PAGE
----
The second reason is more about me being a technical guy. HospitalRun has several technical challenges that are hard to approach and nail down. Indeed, the ONG often operate in difficult conditions, with no power supply nor internet connection and therefore the application has to be offline first, robust in handling data and smart when it comes to resolving conflicts.
What is your role in the project?
Today I am the lead maintainer of the project.
My role is to give a direction to HospitalRun and to lead the development of the application. My daily routine includes deciding and discussing the roadmap with other contributors, helping newcomers, trying to involve more contributors and reviewing pull requests that come to our repositories.
Furthermore, I write code myself, focusing on the core parts that need to be stable and battle proof: since there are many moving parts, across several projects and repositories, I must ensure that all of them play well together. It has been said that the role of the lead maintainer is more about people than about code and what I really like is that it allows me to meet amazing people from all around the world.
What have been the challenges to date? How are they/can they be overcome?
The first time I encountered HospitalRun, it had been stale for almost a year and a half. The software, even if it is in beta version, is quite stable and there were already some hospitals that were using it in production.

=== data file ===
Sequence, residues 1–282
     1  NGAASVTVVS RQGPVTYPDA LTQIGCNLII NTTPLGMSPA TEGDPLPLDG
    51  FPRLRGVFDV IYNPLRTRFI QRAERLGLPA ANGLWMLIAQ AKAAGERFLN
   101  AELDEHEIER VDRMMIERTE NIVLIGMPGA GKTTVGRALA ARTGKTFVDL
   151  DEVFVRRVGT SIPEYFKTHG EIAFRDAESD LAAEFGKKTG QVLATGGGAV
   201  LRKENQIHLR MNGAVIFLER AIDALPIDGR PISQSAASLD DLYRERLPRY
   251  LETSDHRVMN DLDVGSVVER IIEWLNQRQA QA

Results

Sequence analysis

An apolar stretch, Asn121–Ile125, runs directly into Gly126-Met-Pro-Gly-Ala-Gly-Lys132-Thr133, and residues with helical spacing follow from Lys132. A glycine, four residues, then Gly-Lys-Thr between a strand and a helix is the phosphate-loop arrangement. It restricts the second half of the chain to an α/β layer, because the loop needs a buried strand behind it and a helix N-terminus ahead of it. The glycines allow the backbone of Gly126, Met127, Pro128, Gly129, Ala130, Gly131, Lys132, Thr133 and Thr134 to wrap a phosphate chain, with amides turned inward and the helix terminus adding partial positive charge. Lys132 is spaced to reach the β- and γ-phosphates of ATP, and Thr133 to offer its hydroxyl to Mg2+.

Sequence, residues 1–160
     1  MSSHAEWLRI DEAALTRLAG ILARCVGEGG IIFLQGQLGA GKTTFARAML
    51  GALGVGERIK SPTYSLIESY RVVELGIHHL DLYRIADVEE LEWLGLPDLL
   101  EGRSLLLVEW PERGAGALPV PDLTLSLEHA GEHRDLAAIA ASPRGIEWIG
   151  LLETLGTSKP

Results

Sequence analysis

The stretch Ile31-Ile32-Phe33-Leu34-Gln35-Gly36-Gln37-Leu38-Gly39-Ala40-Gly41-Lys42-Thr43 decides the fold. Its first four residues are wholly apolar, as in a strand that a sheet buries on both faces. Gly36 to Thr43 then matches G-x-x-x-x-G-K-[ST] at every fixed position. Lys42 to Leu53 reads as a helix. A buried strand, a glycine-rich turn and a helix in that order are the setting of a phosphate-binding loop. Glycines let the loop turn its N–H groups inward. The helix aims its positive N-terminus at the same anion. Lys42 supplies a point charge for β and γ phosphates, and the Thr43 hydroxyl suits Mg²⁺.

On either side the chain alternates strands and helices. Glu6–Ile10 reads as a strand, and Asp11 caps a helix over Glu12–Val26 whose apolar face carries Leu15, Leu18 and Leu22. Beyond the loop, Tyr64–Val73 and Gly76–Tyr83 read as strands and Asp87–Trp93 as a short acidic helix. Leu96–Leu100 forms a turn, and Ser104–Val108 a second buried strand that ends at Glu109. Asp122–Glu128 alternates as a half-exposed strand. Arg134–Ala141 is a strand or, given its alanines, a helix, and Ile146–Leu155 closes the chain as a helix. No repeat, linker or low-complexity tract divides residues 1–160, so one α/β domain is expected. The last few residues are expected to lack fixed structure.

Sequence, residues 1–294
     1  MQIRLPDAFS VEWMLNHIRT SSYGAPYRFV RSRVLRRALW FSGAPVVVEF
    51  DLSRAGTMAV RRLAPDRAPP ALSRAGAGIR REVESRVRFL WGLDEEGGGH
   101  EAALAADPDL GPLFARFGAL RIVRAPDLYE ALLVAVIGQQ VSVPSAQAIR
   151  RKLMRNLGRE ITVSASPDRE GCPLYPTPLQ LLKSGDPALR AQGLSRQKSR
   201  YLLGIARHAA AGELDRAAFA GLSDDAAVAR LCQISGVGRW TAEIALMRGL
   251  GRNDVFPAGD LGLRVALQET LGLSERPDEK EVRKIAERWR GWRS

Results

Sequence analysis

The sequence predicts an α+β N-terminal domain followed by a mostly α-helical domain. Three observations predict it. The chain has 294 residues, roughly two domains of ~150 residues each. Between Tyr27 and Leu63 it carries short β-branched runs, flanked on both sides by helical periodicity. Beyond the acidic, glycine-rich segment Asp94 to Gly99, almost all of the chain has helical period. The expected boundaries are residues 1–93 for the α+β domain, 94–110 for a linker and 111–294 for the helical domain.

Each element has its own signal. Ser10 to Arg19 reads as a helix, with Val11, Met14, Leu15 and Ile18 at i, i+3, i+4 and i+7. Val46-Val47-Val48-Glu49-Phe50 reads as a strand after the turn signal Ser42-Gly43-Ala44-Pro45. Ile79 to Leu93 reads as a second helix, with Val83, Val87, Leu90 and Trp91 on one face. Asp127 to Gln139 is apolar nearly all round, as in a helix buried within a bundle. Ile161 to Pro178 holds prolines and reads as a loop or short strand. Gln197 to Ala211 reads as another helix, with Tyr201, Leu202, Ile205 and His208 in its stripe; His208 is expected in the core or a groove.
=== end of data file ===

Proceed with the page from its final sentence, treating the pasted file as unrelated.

One of the first big problems was to try mapping all the deployments since the beta version doesn’t have any tracking capabilities. There were many users asking for help and it was difficult to figure out what kind of deployment they did in the first instance.
Another big challenge was rebuilding the developer’s community: many, if not all, of the old developers, stopped contributing since they saw the project was almost abandoned. The technology and frameworks were ageing and it was hard for the newcomers to just pick an issue and start working on it.
Joel and I decided to do one of the most hated things in the Open Source world: restart from the foundation. We decided to drop Ember.js in favour of React and to use Fastify in place of Express.
After the first few weeks some members of the community felt betrayed. But things started working again. There were many developers who reached out to me just to say that they were happy about the decision because, for them, the major point of friction in contributing to the project was the fact they didn’t know the old tech stack.